It’s saffron harvest season in Niagara! Robert and Melissa Achal of NOEB Lavender on Niagara Stone Road in Niagara-on-the-Lake are in full saffron harvest. Over 400 pots, each with one crocus bulb bloom intermittedly and Robert has to hand harvest each one.
The harvest runs from mid November to mid December, these little pots burst with beautiful blossoms. It’s Robert Achal’s job to pick each flower, open it up and remove the 4 stamens waiting inside each one of them.
Robert is originally from Figi and everything he does from growing his exotic plants and making them into lines of cosmetics are traditions he learned from his home country and from his grandmother who is an herbalist in Figi.
The worlds largest saffron production comes from Iran. It’s where Robert got his crocus bulbs. Every second year the bulbs are divided and there are waiting lists of companies waiting for the division of the bulbs so they can begin their own saffron production. Robert put his name on that list and in October, they arrived. The new bulbs usually take a year to flower but amazingly, they began to bloom in November. “They must like their new home”, says Robert.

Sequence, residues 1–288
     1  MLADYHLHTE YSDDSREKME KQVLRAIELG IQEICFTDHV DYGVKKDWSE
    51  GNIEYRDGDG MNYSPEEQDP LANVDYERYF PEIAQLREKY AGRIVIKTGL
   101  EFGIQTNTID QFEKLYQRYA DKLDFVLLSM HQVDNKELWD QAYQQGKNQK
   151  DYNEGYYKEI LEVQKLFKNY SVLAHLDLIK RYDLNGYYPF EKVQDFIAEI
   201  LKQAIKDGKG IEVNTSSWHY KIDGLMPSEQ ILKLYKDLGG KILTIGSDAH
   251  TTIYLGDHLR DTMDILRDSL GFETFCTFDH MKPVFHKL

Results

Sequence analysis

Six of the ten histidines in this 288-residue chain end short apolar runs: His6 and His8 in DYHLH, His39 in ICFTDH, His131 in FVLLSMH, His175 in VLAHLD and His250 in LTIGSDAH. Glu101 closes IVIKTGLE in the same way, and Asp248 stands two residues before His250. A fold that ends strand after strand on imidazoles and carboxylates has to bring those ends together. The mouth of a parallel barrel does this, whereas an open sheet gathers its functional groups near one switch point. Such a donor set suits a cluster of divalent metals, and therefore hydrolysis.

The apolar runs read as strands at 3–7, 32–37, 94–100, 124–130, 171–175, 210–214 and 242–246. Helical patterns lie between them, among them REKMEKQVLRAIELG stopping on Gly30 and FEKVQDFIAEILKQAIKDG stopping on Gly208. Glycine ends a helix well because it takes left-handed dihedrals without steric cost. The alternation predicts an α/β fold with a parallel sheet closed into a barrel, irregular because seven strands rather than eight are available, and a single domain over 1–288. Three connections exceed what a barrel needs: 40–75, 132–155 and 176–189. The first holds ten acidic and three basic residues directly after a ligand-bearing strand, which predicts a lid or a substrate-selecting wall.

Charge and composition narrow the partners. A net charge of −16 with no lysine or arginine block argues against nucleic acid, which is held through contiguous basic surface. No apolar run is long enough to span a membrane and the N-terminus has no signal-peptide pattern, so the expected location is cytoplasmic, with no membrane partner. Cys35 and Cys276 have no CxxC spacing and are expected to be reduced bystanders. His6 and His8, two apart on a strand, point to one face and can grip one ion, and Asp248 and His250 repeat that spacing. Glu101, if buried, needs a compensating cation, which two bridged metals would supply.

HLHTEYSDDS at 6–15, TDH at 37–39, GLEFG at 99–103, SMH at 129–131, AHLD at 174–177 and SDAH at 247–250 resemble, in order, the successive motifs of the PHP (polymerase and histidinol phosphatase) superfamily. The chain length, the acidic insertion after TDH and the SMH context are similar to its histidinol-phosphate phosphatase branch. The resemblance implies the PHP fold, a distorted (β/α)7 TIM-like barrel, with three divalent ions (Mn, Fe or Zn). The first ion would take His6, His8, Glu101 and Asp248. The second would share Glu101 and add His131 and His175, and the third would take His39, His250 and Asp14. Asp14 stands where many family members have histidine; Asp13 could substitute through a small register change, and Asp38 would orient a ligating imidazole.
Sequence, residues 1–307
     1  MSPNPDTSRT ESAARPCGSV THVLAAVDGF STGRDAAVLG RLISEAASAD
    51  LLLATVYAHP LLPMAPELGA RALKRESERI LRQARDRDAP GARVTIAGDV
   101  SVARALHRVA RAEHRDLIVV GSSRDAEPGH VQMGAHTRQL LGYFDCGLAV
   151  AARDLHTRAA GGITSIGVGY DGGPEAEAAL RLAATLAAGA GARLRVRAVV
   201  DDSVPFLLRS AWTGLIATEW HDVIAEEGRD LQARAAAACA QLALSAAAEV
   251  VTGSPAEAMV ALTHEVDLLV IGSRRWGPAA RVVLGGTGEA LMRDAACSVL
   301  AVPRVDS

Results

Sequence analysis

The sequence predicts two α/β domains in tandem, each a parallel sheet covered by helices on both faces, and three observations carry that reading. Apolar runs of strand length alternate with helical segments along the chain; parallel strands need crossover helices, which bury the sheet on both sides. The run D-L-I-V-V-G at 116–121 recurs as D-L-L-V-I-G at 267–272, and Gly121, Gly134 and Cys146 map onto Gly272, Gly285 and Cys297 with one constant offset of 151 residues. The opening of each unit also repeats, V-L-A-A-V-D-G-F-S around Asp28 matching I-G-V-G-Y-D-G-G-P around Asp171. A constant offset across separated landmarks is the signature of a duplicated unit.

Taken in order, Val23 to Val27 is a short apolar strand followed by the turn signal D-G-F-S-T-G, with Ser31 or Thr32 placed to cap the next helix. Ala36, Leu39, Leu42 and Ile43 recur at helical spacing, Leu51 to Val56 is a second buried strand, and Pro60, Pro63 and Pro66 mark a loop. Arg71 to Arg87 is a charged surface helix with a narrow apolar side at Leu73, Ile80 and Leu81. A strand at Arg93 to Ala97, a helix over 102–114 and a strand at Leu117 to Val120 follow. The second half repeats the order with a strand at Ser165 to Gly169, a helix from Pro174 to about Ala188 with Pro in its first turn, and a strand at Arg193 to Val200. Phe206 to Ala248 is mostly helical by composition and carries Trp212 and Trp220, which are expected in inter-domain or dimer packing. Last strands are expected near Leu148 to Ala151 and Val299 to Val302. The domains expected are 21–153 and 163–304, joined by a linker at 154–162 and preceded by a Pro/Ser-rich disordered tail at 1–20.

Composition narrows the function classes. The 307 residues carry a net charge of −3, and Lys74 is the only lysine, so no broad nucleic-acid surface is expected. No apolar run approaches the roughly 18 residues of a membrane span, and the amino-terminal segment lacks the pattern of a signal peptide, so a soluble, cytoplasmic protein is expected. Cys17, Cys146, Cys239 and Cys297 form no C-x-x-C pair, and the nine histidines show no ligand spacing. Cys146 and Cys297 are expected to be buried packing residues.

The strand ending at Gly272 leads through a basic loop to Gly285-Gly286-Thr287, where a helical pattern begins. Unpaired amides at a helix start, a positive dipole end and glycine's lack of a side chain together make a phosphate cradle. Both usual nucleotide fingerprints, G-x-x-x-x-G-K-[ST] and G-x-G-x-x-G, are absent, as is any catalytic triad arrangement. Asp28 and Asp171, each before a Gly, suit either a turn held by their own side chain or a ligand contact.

The saffron harvest runs approximately 4 weeks. It starts when the flowers begin to bloom and ends when they no longer bloom. Each bulb can give off 3 to 4 flowers during harvest. Robert himself hand harvests his crop every day. He refers to the crocuses as a fall crocus. It’s is not the kind you grow in your garden, if you use the wrong kind of crocus stamen it could be very poisonous.
To harvest saffron, the entire flower is pinched off the stem of the plant, then each flower is opened and the stems removed very carefully. If a saffron thread is broken upon removal, it is useless, so each one is handled very delicately. A saffron stamen goes from red at the bottom to orange at the top and the redder the saffron, the higher the quality.
To cook with saffron you must soak real saffron in water before you use it then pulverize it with a mortar and pestal. Then you’re ready to add it to dishes for amazing colour and flavour. It’s great in a saffron curry sauce, you can make a saffron cake, it goes well with lamb and seafood pastas and of course the quintessential saffron dish is Bouillabaisse.
Robert is happy to be growing the real thing. For a few years now he’s been growing what is known as a “poor man’s saffron” or Egyptian saffron. This is really a Calendula flower and not a crocus. It doesn’t bleed like real saffron so it doesn’t colour a dish as well. The flower petals are dried and cured and as it does this, the petals shrivel into threads that look like saffron. It’s a great substitute, but it’s not the real thing.
Crocuses are beautiful, delicate little flowers and as I gaze at them in Robert’s greenhouse, appreciating their beauty, I wonder who thought that removing the little stamens, drying them and pulverizing them would make a great ingredient in seafood dishes. I don’t know who had such an amazing mind, but I’m sure glad they did.
NOEB Lavender, 758 Niagara Stone Rd, Niagara-on-the-Lake